I’ve got a full bladder and a thread-thin polyester blanket stretched around me. I can’t reach the valve for the cold flow of air pouring over my seat and I can’t get up to use the bathroom because there’s a half-eaten microwaved meal on a tray table locking me in place.
Each time I take this flight between France and the United States I wonder how it is I paid (in my freelance world) the equivalent of one or two months’ salary for these conditions. The misery isn’t even rewarded with a rich tale to recount or reflect on later. It’s just a sterile, uncomfortable and really damned expensive experience. Add to that the massive environmental costs of the flight and the fact that if this plane goes down the likely-hood of survivors is, well, unlikely, and voila, you see the inspiration behind this article.
Though I haven’t found an alternative to the flexibility of ocean-crossing flights, I have found some general flying alternatives that make me feel more comfortable about the possibility of these being my last moments. So what could be better than cramming myself on a jet in the final hour? How about cleating the halyards of a sailing vessel headed toward somewhere far, or resting under a blanket of stars so thick I think I can see tomorrow.
If you share my sentiments, maybe you’ll appreciate some of the alternative ways I’ve found to travel.
A good option if you have time and a flexible budget. Contrary to popular belief, traveling by freighter is not cheaper than flying. Freighters generally cost around 100 € a day. From where I live in France to an eastern port in the United States I can pretty much count on 10 days. So for about 1,000 €, I can get home one way. My last round-trip flight from Barcelona, Spain to Cincinnati, Ohio cost around 600 €, a big difference from the 2000 € a round trip freighter passage would have cost me.
But if I chose to go by freighter I’d be paying for ten days at sea with meals and room included. In essence, a cruise of sorts, with the added bonus of getting me where I want to go. A friend married to the captain of a working ship recently took her first voyage with him. She wrote me saying:
I had the most relaxing and pleasant three months perhaps of my life – sleeping, eating, reading, walking on deck and seeing the beautiful ocean, seas, gulfs, clouds, sunsets and sunrises as a regular part of my daily life. I also enjoyed watching the ship’s activities as we traveled through the Suez Canal and around the Middle East in the Red Sea, Persian Gulf and Arabian Sea.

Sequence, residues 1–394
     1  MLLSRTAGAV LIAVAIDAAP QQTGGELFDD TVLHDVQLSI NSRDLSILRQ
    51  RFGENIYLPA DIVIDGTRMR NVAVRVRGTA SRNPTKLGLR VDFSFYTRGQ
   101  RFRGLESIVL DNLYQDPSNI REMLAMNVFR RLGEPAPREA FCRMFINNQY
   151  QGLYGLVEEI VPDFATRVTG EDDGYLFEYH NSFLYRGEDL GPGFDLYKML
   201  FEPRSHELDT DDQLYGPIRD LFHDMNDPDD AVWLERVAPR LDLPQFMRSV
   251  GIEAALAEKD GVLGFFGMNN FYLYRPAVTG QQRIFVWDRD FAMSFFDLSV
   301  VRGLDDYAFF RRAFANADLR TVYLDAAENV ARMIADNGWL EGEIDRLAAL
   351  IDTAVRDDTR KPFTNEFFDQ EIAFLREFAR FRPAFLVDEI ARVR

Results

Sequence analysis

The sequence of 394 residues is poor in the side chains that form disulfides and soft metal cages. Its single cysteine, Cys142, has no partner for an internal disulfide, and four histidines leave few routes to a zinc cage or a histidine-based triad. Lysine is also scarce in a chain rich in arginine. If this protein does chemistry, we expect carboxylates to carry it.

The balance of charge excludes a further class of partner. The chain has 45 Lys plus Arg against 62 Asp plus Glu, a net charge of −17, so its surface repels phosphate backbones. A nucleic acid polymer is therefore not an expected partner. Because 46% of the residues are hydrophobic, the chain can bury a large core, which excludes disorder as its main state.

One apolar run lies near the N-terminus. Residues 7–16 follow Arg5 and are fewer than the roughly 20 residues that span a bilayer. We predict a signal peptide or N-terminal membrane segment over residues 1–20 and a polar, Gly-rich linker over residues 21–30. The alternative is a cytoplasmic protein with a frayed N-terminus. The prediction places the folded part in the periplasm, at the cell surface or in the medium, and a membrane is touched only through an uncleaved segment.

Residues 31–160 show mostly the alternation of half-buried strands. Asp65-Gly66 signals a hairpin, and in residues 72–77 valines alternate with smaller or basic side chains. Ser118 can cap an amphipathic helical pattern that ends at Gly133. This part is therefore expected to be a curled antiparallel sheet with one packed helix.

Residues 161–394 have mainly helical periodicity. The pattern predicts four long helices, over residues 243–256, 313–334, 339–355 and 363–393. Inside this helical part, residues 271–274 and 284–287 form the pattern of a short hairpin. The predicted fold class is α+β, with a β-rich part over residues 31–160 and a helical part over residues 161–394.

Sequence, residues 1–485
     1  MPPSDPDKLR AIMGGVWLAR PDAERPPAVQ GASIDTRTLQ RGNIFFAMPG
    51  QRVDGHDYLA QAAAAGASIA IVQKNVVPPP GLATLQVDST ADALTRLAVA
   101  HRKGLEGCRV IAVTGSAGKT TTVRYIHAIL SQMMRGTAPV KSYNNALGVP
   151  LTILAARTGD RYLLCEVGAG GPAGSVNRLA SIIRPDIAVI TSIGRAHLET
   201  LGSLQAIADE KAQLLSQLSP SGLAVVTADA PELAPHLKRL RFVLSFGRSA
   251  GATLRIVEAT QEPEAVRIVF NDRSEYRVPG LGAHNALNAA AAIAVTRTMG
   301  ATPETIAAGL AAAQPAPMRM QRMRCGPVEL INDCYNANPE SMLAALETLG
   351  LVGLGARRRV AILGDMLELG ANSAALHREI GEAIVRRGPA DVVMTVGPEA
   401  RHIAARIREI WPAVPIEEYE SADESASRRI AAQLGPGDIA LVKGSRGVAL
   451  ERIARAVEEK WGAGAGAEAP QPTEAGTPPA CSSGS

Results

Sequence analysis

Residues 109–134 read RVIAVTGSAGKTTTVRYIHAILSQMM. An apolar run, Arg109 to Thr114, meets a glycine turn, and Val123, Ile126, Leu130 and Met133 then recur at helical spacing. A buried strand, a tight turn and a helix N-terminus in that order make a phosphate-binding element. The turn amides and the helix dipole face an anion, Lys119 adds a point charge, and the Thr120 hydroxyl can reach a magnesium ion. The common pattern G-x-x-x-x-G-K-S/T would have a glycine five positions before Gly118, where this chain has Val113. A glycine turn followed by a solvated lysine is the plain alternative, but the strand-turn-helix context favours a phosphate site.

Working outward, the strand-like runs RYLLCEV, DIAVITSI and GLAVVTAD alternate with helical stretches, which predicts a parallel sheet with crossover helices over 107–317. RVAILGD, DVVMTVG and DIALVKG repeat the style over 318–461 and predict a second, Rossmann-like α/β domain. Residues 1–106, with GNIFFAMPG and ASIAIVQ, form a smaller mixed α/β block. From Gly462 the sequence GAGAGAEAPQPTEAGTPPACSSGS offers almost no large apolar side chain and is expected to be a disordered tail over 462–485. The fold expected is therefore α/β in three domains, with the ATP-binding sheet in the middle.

Most people who travel by ship do it as a cheap way to get away for extended periods. A few books with such accounts are:
Travel by Cargo Ship by H. Verlomme
Running Away to Sea: Round the World on a Tramp Freighter by George Fetherling,
Around the World by Freighter by Bob Hartley
Bureaucrat to Tramp: A Freighter Cruise Adventure by Kenneth M. Peterson
But if you’re interested in booking a ship in place of a direct flight to a destination of choice, you’ll have to be prepared to pay more, plan more and relax more. Bookings need to be made at least six months in advance and even then, your departure could be delayed as ships change schedule according to unanticipated need.
So for my once a year trip back to the United States I would need to pick a date well in advance and then be prepared to spend 20 days at sea (round trip) with about a week’s wiggle room on either side to account for delayed departures. As difficult as this may sound, it’s entirely possible. The managing director at The Cruise People Ltd [Trans-Atlantic Passenger Ship Service] recently wrote me, “By the way we have a few regular clients in France and we have regular commuters by ship, one of whom does so to/from Australia and another to/from Singapore.” Sounds like I need to get my spontaneous life in order and join the ranks of responsible folks committed to an air-free lifestyle.
Two of the most helpful booking companies in my efforts toward this direction have been:
You can also book passages directly with ships. The friend I mentioned above told me, “I read that French Container Carrier CMA CGM of Marseilles is offering voyages around the world (or parts thereof) on six of their medium-sized container ships.” Going to your nearest port might also prove fruitful.
Another helpful site is http://wikitravel.org/en/Freighter_travel
One of the most energy efficient ways to travel is with the wind. Better known as hitchhiking across oceans, travelers wanting to crew on sailing vessels have to work to find the ride.
Berths can be found on charter boats, boat deliveries, cruising sailboats and on boats making ocean crossings, circumnavigations or year-long voyages. The most important thing a would-be crew member has to offer is free time as few people can just take off and leave a job or family for weeks of sailing.